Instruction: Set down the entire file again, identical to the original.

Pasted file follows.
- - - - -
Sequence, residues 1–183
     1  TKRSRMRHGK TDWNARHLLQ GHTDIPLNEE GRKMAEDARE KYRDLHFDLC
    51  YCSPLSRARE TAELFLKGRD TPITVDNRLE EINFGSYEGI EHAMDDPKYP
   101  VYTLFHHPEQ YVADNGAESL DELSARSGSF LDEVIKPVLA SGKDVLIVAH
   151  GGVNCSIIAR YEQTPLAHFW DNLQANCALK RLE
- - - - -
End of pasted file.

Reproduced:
Sequence, residues 1–183
     1  TKRSRMRHGK TDWNARHLLQ GHTDIPLNEE GRKMAEDARE KYRDLHFDLC
    51  YCSPLSRARE TAELFLKGRD TPITVDNRLE EINFGSYEGI EHAMDDPKYP
   101  VYTLFHHPEQ YVADNGAESL DELSARSGSF LDEVIKPVLA SGKDVLIVAH
   151  GGVNCSIIAR YEQTPLAHFW DNLQANCALK RLE